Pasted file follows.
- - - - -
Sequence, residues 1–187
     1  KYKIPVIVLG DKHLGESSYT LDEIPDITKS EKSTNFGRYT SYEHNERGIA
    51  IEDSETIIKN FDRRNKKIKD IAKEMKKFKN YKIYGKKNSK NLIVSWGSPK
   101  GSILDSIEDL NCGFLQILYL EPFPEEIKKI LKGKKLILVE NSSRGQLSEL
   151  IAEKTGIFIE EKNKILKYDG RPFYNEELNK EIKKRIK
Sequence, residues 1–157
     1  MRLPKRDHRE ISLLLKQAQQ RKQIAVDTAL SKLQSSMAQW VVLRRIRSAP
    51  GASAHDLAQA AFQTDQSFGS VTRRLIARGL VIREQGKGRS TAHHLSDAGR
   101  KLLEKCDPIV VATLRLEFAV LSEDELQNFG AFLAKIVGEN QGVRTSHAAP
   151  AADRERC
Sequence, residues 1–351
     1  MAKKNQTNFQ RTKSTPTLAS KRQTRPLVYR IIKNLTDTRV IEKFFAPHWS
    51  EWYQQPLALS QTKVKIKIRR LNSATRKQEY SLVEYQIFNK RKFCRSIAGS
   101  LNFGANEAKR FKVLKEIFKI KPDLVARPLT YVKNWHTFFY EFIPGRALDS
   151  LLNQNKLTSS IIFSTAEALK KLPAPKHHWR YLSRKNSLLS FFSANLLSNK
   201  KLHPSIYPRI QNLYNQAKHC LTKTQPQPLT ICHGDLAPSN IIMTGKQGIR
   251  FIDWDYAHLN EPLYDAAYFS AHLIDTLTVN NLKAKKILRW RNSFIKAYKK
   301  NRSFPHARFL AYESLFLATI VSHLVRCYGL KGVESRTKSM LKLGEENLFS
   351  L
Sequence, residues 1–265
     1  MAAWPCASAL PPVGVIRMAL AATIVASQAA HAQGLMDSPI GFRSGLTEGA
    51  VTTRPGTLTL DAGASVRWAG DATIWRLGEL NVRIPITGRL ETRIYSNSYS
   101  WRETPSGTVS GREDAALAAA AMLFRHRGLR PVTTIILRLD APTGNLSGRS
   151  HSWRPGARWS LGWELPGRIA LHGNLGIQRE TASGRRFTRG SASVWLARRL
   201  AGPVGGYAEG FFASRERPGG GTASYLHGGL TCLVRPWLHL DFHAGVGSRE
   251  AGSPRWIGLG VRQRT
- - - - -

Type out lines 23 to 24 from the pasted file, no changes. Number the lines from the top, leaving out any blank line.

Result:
   101  WRETPSGTVS GREDAALAAA AMLFRHRGLR PVTTIILRLD APTGNLSGRS
   151  HSWRPGARWS LGWELPGRIA LHGNLGIQRE TASGRRFTRG SASVWLARRL